260-12 Pterodactyl-Inspired Unmanned Aerial Vehicle with Multimodal Locomotion

Tuesday, 7 October 2008: 4:15 PM
George R. Brown Convention Center, 351CF
Sankar Chatterjee, Geosciences, Texas Tech Univ, Lubbock, TX, Richard Lind, Mechanical & Aerospace Engineering, 231 Aerospace Building, Gainesville, FL, Andy Gedeon, Museum, Texas Tech University, Lubbock, TX and Brian Roberts, Mechanical & Aerospace Engineering, University of Florida, Gainesville, FL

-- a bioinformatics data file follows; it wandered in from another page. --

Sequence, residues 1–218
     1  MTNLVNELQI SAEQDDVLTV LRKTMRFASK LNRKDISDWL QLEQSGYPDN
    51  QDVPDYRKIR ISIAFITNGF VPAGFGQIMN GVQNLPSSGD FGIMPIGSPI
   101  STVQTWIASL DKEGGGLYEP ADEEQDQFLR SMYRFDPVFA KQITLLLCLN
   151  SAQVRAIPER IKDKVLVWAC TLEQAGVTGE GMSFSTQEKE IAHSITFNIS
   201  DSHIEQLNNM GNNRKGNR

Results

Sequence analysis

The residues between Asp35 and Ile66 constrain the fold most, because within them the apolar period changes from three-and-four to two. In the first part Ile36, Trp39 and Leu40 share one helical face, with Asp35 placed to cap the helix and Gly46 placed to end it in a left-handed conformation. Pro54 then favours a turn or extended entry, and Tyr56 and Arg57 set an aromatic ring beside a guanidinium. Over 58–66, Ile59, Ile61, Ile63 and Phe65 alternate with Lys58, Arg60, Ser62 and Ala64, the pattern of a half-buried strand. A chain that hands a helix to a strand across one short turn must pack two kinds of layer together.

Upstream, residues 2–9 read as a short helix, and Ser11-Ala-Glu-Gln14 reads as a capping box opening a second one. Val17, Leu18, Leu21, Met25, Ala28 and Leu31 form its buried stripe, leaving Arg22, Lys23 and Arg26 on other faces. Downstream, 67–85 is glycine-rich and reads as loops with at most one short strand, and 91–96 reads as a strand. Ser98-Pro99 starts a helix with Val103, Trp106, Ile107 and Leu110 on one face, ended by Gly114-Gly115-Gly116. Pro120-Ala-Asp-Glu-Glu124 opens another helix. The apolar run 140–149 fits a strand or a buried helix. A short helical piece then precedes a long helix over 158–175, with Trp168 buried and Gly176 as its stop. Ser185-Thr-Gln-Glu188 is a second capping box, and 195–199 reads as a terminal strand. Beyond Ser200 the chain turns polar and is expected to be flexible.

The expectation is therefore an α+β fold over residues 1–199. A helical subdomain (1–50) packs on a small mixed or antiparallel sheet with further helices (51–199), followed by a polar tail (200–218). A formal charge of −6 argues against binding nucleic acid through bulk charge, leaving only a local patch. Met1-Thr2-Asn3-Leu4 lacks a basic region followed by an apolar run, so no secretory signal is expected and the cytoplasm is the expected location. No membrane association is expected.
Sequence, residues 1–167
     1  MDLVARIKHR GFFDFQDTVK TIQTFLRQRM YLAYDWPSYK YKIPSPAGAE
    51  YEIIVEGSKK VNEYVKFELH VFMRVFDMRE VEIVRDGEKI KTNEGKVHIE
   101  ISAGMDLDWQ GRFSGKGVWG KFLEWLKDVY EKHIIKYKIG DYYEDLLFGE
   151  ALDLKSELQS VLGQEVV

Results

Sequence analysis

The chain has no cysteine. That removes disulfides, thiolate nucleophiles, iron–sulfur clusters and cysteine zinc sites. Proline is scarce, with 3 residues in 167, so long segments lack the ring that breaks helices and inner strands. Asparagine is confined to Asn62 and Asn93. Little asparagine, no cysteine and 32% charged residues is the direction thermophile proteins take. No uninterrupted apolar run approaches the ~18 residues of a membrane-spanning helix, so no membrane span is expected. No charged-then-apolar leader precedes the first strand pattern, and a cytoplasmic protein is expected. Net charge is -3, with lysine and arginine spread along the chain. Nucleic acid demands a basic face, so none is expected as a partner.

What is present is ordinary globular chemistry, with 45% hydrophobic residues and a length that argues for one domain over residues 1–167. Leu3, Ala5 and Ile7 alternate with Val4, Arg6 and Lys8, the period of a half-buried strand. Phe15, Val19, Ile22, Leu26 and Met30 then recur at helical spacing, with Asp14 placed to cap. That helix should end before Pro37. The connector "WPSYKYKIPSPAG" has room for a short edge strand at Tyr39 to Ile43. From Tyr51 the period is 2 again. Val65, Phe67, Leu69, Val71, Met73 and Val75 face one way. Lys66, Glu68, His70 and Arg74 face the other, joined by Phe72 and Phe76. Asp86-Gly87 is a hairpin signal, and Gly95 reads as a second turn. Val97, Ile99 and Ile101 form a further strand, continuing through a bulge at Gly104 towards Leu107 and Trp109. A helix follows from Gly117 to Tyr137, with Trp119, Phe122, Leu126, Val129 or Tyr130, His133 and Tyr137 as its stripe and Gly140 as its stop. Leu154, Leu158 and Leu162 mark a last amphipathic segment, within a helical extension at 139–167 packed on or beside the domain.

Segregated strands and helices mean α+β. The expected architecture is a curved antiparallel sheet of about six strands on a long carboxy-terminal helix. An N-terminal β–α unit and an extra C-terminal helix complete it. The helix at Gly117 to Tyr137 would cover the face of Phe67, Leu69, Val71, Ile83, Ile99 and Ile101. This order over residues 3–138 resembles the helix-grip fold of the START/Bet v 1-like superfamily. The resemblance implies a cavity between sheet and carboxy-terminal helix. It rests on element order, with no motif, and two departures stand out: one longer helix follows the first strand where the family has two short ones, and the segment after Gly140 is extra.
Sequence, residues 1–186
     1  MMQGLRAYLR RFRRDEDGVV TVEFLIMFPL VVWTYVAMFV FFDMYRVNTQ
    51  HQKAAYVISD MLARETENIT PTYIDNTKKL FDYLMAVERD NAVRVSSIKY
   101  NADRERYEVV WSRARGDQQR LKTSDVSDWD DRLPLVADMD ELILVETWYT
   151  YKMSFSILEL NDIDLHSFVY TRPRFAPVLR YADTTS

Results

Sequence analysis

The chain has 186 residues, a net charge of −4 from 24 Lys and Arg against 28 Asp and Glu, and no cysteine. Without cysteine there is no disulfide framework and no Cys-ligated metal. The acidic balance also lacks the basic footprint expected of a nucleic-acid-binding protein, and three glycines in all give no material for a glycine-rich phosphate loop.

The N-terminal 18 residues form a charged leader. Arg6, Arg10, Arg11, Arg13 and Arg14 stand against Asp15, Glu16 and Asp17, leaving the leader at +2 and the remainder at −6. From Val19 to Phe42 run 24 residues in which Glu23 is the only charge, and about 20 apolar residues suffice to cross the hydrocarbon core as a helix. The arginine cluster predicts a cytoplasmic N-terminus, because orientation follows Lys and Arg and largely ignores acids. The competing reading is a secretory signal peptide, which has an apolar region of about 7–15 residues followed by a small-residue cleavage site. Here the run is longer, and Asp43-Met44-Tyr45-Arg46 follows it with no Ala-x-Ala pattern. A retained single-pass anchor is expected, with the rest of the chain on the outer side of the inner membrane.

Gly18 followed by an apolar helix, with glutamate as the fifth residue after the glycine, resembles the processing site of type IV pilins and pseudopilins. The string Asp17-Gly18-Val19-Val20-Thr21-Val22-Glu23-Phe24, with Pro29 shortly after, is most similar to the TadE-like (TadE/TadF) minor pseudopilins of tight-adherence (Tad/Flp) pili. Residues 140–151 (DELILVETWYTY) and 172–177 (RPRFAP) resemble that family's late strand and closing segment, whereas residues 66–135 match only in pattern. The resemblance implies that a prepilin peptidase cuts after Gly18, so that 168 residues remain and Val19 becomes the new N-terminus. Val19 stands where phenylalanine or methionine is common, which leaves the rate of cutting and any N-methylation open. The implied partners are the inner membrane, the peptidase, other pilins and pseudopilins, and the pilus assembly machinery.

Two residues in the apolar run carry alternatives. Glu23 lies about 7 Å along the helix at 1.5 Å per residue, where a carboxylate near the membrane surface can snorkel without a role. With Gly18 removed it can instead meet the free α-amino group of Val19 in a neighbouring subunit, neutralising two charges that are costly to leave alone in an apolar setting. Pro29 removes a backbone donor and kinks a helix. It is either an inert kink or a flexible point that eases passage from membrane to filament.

Bio-inspiration has led surprisingly to a wide variety of robotic design, especially small Unmanned Aerial Vehicles (UAV), taken cues from birds, bats, and insects. Tapejara wellnhoferi, a pterodactyloid from the Early Cretaceous of Brazil, shows promise as a biomimetic model to develop an UAV of much superior range, a sensor platform capable of aerial, terrestrial, and aquatic locomotion. Tapejara was a sophisticated flyer capable of steady level flight with a cruising speed of 30 km/hr. Both membranous cranial sail and wings acted as large sensory organs during flight. The vertical cranial sail was richly supplied with nerve endings and blood vessels that acted as a mechanoreceptor to sense temperature, pressure, and wind direction. It would transmit aerodynamic information to the vestibular apparatus in the inner ear, a tiny gyroscope, which would instruct the wings for flight control and stability. The cranial sail was positioned at the nose to enhance the aerial turn, a novel adaptation never used in aircraft design. On land, Tapejara first walked quadrupedally and then ran bipedally to reach the takeoff speed. In aquatic environment, Tapejara achieved the configuration of a three-masted sailboat for cruising slowly during foraging. The cranial sail served as a front rudder to steer. Two upright triangular wings, partly folded and oriented transverse to the body axis and anchored at the wrist joint, functioned as a pair of mainsails to catch the wind and supply the thrust while skimming. With a wide range of multimodal locomotion, Tapejara has a strong application to prototype a small functional air-ground-sea robotic (Pterodrone) with a wingspan of 80 cm that will provide autonomous surveillance across a variety of operation areas. Some novel pterodactyl-inspired designs include a vertical tail at the nose of the aircraft to reduce turn radius, and morphing limbs for multimodal locomotion.